Just one month after this exploit, that is on the morning of July 3, 1898, Admiral Cervera attempted to escape from the harbor of Santiago. The smoke of his vessels was discerned over the hills, and the watchful ships outside signalled the fact to the other members of the squadron. A few minutes later the bow of one of the Spanish steamers came into sight from behind the Estrella Battery. The Brooklyn, Iowa and Oregon, some two and a half miles distant, crowded on all steam and headed for the harbor. The first Spanish cruiser to show itself was the Infanta Maria Teresa, followed by the Vizcaya, the Almirante Oquendo and the Cristobal Colon, with the torpedo boats Pluton and Furor bringing up the rear. The Infanta Maria Teresa, leading the procession, was the flagship of Admiral Cervera. He sent a shell toward the American vessels, but, in accordance with the rule, it went wide of the mark. The Texas opened with her big guns and her companions quickly joined in the thunderous chorus.

No sooner were the Spanish ships clear of the harbor than they turned westward and strained every nerve to escape, firing at their pursuers, who were equally determined to overtake or destroy them. The Brooklyn, further away from shore, changed her course so as to follow a parallel direction, and, as soon as she attained a fair range, opened a tremendous and well directed fire. The Texas, whose course was somewhat diagonal, singled out the Vizcaya, and, unable to outspeed her, pounded her savagely with her shells.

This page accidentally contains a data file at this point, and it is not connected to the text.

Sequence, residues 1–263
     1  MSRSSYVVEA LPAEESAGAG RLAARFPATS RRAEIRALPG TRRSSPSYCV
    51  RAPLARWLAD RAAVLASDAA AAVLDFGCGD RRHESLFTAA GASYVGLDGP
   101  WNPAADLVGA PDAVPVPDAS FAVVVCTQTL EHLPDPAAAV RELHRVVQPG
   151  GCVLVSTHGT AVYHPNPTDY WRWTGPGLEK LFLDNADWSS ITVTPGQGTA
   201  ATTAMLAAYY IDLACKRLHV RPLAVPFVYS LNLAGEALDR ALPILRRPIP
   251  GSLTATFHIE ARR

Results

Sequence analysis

Every movement of the splendid battleship was directed by her Captain, John W. Philip. The Texas was struck several times, but did not receive any material damage, while she wrought frightful havoc on the Vizcaya.

The Oregon, the finest ship in our navy, which had come more than 14,000 miles from the Pacific coast, was ploughing forward under forced draught, and, with a tremendous burst of speed, shot past the Texas and drew up on the Brooklyn in the effort to head off the leading fugitive, while the Iowa was doing her utmost to maintain her killing pace and was firing her great guns with splendid precision. Suddenly the Vizcaya broke into flames and headed for shore. Knowing that she was doomed, the Brooklyn and Oregon gave her a few parting shots and kept up their furious pursuit of the Almirante Oquendo and the Cristobal Colon.